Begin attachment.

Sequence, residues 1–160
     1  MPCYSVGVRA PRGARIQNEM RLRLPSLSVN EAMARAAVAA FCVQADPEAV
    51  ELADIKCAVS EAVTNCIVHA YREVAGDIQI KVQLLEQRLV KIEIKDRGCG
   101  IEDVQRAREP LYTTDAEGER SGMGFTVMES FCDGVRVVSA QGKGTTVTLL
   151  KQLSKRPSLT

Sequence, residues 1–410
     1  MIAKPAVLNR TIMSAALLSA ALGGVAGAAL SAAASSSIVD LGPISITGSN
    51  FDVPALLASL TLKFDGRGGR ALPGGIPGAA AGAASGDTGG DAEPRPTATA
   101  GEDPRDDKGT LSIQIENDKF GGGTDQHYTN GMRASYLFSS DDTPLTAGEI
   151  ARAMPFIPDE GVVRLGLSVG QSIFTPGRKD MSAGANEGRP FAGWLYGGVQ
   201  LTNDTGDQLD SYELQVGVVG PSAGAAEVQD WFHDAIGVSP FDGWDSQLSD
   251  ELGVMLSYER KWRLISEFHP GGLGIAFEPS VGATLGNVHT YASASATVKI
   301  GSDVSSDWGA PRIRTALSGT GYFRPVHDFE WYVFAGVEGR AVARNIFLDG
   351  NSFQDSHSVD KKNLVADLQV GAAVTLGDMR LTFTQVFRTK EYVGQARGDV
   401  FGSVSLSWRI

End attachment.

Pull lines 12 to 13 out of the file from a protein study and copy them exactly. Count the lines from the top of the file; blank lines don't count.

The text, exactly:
   251  ELGVMLSYER KWRLISEFHP GGLGIAFEPS VGATLGNVHT YASASATVKI
   301  GSDVSSDWGA PRIRTALSGT GYFRPVHDFE WYVFAGVEGR AVARNIFLDG